“Customer Focus from Top to Bottom”
[Note: The following guest post was written by Brendan Cruickshank, VP of Client Relations, Job Search Engine. As a specialist in the online job search and recruiting industry, Brendan often gives expert insight on employment and jobs trends in the Washington Post, the Wall Street Journal and US News & World Report.]
A Customer Focus from Top to Bottom: Why and How to Hire Customer Focused Employees for Every Job
by Brendan Cruickshank
We talk a lot about value when it comes to providing customer service, but it starts with valuing the company. Your business must value itself enough to develop a quality company culture, then defend it by hiring employees who will enforce it. Finally, companies must value the employee enough in order to maintain an exceptional workforce … even when it’s tempting to take shortcuts.
Value Your Company
Before you even hit the pavement to seek high quality workers, you need to get a sense of your company culture and how the employee plays into that. This company culture should place high emphasis on correctly addressing customers and responding to their needs. For example, Macy’s trademark customer service feature is the attitude of outstanding. Employees are to answer the phones with: “Thank you for calling Macy’s. How can I provide you with outstanding customer service?” It’s the word outstanding that is the underlying message, and they are encouraged to use the word whenever possible. Customer service isn’t just about language, though, and Macy’s employees are required to communicate the word outstanding in their actions, for example, spending extra time shopping with the customer or calling all the locations in the city to locate that perfect prom dress in a size 8.
The Job Ad
Once the company culture is established, it’s time to populate. Help wanted ads are the first form of communication companies will have with their employees, and it must be done right, a point made by business consultant Adrian Swinscoe. Referencing a help wanted sign, he illustrates what not to do when you’re trying to attract exceptional labor. If you will notice, the sign makes no mention of strong customer service skills as a requirement.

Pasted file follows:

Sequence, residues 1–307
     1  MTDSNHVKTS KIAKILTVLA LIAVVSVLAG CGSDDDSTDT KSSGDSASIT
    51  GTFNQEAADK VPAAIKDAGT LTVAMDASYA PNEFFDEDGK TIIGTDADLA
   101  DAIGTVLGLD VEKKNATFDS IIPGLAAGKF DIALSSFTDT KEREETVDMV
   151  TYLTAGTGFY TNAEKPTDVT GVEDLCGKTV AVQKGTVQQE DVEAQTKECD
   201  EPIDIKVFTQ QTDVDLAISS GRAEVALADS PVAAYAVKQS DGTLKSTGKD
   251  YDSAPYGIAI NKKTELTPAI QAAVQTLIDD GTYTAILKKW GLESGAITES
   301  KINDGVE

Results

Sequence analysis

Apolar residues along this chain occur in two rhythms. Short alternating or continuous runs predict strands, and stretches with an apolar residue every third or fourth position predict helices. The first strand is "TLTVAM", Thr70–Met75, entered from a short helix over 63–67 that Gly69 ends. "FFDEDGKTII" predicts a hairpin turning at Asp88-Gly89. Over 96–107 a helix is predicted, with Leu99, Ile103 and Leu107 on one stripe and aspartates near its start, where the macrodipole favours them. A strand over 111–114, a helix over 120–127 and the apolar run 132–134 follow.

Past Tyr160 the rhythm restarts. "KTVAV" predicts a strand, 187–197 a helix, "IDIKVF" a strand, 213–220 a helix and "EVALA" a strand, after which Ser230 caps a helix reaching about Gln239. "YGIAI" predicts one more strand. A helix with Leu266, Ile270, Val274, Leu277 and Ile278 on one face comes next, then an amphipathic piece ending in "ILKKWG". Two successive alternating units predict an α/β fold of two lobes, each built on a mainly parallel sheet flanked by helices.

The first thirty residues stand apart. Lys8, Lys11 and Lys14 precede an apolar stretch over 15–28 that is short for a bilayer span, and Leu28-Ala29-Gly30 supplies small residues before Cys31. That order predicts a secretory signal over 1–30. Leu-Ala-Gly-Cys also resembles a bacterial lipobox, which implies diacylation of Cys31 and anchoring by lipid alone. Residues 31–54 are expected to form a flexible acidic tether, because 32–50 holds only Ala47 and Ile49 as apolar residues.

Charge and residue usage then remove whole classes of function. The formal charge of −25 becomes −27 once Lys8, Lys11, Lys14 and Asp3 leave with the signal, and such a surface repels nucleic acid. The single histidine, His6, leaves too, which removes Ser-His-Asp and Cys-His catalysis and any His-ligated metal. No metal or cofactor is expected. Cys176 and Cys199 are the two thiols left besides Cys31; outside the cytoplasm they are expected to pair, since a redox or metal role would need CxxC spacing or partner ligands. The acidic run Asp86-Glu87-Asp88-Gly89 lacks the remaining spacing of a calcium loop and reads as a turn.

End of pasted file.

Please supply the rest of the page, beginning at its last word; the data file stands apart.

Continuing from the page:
“If you want to deliver a great customer experience, a great place to work, and a great team, then it has to start before your employees start and one of the first places that they will come into contact with you is via your job advertisements,” he said. “This is where your brand and your employee experience starts. This is where you start motivating the right people to apply for a place on the great team that you are building.” In addition to making the statement that you’ll only accept employees who care about customer service, you are setting the stage to attract the right kind of candidates – ones that do care about customers and are drawn to companies that do as well.
It’s not simply enough to ask an employee about previous jobs and superficial questions such as “What is your strongest quality? What is your weakest?” That may be good information to have, but interviewees will expect those questions and you will likely get a fabricated example. Instead, quiz the employee on a specific scenario and see how he or she responds when caught off-guard. Business strategist Kristina Evey recommends this type of interviewing to determine how creative the employee would get to solve the problem, and to what limit would they go to reach a satisfactory conclusion for the customer.
Clues to listen for, recommends Inc.com, are dedication, response to pressure, decision making skills, friendliness, and the ability to handle pressure. Also look to your favorite workers to help determine who you’re looking for. Knowing exactly the type of worker you already like will help you visualize what to seek in interviewees and their place in your company’s culture. Lest you believe this is too much effort, especially if you’re short-handed, remember how much harder it is to gain new customers than keep current ones. Good workers will keep those existing customers, making them an invaluable asset. In addition, you’ll have an easier time attracting new customers.
Value Your Employees
Now that you have the right staff, it’s time to make sure you keep them. Clothing retailer L.L. Bean, reports Businessweek, is the perfect example of valuing employees to achieve premium customer service. In its annual Customer Service Champs 2010, Businessweek points out that free shipping and the loosening of return policies in 2010 did help L.L. Bean’s standing, but it’s what they did for employees that put them a cut above the rest.
Its powerhouse call center in Maine, maybe the top contributor to L.L Bean’s stellar customer service reputation, is arguably the place to work if you want to be treated well. The company declared that it would not trade domestic labor for overseas labor, that it would send home workers to telecommute rather than lay them off to save operational costs. Similarly, when The Ritz Carlton made staff cuts in 2010, not only did it keep 95 percent of employees that directly interface with customers, it ensured their job benefits were protected.
This post had a lot of great information. Thank you for having Brendan Cruickshank write this guest post. It’s great to see this perspective of Marketing so thoroughly presented. Thanks again!